Open thread September 9, 2012 Dan Crawford | September 8, 2012 9:31 am Tags: open thread Comments (7) | Digg Facebook Twitter |
Not many people would say this. You’ve got some guts. I will say this, though. If you don’t want to alienate any readers, you’re going to have to stop generalizing so much. IFSC CodesMaybe you should try seeing both sides of this issue instead of assuming that yours is the only valid opinion.IFSC Codes
The DEA continues to fight a brave battle in the war on drugs, and is ramping up a critical front in that war – making nursing homes do more paperwork.
Mrs. R. is now some sort of designated special agent RN, which in English means she can forward certain narcotic orders to the pharmacy when the physician is not physically in the building, involving of course a lot more paperwork.
Why do so many people hate the government?
why do so many people demand a war on drugs?
STR, Whenever I see silly, I assume it is an easy out to constituent complaints from excessively noisy people.
Whenever people scream something should be done, critters send directives to agencies to set up a committee to find a solution. Solutions tend to be bureaucratic paperwork.
Everyone is happy except the person with extra duties. That person doesn’t make noise for some reason.
coberly, People demand a war on drugs because they don’t understand the subject. If you do start a conversation, it goes similar to the one on health care solutions only stories from Canada become stories from The Netherlands. And so forth. It’s interesting to just bait a good warrior with the suggestion that all drugs, including addictive drugs, should be legal and handled through the medical/pharmacy system if necessary. Look how stupid they set up medical marijuana delivery. If they wanted it on prescription, it should be in a pharmacy, not in a non-pharmacy retail store. If they want it in a non-pharmacy retail store they should legalize all sales. (IMO, of course.)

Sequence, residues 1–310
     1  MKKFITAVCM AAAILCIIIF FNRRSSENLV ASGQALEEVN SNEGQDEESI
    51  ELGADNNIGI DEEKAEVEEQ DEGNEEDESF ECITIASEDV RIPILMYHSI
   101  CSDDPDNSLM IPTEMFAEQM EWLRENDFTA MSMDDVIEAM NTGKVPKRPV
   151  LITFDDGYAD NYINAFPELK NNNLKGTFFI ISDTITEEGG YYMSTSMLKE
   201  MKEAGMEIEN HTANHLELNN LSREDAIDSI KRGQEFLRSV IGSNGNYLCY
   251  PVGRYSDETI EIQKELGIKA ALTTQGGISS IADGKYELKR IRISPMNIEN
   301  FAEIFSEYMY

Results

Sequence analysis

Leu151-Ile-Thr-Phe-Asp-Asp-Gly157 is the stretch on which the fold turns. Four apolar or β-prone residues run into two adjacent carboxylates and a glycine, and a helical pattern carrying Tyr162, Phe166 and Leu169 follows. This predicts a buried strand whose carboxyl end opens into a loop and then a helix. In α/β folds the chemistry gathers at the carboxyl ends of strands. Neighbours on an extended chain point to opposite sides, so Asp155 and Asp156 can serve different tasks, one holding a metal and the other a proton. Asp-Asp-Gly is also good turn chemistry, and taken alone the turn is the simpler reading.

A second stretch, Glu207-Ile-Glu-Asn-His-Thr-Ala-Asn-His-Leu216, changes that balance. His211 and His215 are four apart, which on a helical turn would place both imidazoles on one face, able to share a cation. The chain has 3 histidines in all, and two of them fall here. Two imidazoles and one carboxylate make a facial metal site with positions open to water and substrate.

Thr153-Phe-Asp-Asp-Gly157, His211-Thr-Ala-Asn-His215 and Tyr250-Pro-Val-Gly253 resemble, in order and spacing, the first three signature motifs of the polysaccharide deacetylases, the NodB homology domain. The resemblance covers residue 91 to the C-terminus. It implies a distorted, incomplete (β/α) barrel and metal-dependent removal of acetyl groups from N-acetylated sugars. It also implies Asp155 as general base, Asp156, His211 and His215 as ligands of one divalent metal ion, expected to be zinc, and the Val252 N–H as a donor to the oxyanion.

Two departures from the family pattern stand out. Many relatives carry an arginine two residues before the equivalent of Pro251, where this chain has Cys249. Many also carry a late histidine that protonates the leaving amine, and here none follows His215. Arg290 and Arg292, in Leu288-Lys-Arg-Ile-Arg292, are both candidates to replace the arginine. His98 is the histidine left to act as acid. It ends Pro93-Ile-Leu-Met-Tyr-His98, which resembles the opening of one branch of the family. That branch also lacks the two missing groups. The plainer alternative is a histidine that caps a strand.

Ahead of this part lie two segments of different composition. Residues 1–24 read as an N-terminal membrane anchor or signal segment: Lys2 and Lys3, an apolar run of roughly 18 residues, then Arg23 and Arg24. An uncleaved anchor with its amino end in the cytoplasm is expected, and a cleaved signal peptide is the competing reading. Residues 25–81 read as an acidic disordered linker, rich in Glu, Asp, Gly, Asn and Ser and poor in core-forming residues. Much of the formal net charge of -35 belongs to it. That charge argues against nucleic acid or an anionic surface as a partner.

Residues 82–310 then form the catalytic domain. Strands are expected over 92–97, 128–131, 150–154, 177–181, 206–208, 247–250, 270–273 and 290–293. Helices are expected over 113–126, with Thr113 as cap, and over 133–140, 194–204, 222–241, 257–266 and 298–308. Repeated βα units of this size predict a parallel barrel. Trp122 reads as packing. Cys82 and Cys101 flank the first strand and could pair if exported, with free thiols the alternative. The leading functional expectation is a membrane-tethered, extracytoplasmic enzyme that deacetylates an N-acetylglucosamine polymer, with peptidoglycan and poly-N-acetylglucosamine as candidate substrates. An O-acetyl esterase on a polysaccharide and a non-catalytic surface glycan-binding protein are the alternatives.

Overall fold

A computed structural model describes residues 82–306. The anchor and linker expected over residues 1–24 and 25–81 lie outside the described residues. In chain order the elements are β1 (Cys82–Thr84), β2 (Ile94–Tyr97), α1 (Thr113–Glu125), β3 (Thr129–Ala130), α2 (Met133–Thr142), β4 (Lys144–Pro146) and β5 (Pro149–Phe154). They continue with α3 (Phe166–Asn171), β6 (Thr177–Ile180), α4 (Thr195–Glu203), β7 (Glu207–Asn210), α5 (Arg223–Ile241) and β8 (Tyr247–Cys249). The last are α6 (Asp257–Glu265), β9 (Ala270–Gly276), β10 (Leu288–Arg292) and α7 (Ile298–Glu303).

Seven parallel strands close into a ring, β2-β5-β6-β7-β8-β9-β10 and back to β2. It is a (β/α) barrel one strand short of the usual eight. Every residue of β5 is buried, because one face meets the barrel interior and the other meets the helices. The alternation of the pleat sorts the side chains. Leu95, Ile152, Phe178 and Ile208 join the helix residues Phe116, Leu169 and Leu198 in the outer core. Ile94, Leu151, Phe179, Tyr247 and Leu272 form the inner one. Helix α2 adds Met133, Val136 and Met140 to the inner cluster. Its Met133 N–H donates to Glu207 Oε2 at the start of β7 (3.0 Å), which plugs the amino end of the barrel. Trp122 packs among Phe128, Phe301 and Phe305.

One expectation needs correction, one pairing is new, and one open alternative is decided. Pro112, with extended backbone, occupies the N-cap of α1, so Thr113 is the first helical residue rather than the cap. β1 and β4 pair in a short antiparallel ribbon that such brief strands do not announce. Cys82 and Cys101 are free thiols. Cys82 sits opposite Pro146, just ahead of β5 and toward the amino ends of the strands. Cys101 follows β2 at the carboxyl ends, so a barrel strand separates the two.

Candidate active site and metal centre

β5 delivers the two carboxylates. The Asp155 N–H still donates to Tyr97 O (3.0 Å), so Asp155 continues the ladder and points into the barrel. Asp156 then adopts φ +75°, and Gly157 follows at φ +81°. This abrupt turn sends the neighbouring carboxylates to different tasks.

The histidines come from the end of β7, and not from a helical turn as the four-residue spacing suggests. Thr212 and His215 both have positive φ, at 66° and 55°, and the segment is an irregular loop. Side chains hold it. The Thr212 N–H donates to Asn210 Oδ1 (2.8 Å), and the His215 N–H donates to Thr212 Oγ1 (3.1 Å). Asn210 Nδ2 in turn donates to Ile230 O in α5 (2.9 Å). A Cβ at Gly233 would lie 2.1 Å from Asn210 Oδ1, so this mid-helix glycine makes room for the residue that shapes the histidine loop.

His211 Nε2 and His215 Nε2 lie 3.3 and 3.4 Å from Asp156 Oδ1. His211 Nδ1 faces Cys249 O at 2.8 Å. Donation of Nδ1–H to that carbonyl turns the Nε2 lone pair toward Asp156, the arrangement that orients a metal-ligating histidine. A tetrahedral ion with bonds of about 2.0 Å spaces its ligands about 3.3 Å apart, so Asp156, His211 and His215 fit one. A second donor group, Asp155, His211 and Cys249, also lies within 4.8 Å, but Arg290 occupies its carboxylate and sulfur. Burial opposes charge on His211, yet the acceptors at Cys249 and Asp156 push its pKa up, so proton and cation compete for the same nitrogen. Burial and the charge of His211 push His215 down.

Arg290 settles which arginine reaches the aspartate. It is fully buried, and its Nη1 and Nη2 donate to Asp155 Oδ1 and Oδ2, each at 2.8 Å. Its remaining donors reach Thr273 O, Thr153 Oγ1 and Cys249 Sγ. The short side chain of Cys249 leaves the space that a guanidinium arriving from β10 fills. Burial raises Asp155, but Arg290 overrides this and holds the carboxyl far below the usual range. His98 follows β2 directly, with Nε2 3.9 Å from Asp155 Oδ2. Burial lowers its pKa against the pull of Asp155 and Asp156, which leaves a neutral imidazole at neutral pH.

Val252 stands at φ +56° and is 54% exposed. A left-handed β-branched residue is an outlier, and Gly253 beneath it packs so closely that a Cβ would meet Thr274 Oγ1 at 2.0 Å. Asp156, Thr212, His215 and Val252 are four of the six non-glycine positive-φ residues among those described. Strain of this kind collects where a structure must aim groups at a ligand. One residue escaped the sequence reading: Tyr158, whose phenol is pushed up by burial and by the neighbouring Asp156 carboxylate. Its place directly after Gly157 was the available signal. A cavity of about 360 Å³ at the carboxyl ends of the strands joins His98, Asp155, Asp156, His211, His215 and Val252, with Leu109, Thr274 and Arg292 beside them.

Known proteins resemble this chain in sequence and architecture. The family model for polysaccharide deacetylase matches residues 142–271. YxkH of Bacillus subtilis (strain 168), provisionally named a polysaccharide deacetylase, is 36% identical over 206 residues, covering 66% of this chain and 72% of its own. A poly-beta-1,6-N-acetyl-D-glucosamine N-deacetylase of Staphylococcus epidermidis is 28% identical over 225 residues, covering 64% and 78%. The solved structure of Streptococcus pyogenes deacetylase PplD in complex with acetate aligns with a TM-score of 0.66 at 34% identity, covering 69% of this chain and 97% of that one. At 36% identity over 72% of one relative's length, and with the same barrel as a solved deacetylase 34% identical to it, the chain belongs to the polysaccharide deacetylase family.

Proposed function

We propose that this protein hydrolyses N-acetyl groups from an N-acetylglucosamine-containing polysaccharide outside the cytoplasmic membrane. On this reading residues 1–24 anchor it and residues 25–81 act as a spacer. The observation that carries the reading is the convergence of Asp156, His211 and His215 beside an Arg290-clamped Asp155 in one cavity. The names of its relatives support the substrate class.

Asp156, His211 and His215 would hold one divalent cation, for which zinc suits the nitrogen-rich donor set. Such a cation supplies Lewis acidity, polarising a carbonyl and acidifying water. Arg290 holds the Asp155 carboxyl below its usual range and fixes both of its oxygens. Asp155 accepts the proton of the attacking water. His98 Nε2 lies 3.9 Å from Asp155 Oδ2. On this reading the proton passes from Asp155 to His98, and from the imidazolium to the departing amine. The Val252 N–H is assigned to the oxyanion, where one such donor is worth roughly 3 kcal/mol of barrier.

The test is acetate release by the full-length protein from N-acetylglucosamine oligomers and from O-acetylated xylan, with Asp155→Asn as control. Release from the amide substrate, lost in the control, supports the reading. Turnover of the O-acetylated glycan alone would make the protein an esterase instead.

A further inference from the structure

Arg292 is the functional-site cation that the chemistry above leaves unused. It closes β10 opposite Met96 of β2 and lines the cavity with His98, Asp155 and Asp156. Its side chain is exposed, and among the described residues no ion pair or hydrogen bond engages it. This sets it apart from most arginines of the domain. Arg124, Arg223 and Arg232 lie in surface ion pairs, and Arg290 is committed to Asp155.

Sorry folks, very off topic and not informative.
i will say that “why war on drugs” was my answer to rusty’s “why hate government.”
he blames government for all the paperwork.. but the paperwork is created by the war on drugs which the people who hate government are in favor of.
perhaps you were speaking rhetorically but the person with the extra paperwork doesn’t make noise because “it’s a job.” and of course it doesn’t pay to make noise if you need the job. being a chronic noise maker i sometimes felt that those who don’t make noise had sold their souls, but i think they are actually just living the ordinary life of quiet desperation that the rest of us settle into when we see our noise does no one any good.
coberly, i’ll do the off topic:
this article at the WSJ: http://blogs.wsj.com/economics/2012/09/11/most-labor-force-drop-outs-in-august-had-jobs/?mod=WSJBlog
Of the 7.4 million people who left the labor force in August, well over half — 4.1 million — had been employed in July.
They’re going back to school, quitting work to raise children or, probably most often, retiring. Indeed, as the U.S. population has aged, there’s been a gradual, long-term rise in the number of employed workers retiring and leaving the labor force.
to which i respond in comments:
ok, the august non-instiutional population was 243.5 million, the civilian labor force was 154.6 million
its quite newsworthy that more than 1% of the population might have retired in one month..
that will deplete the social security trust fund much sooner than the SSA or CBO projections…
speaking entirely without knowledge, it may be that july is a preferred month to retire… i wouldn’t know. and it may be true that a lot of kids go back to school.
but it also seems likely to me that by definition a “drop out” had a job prior to dropping out.
glad to know all those ladies are quitting work to have children. that should open up a lot of jobs and reduce the unemployment rate. and of course the kids will grow up and get jobs and reduce the strain the boomers will be putting on SS.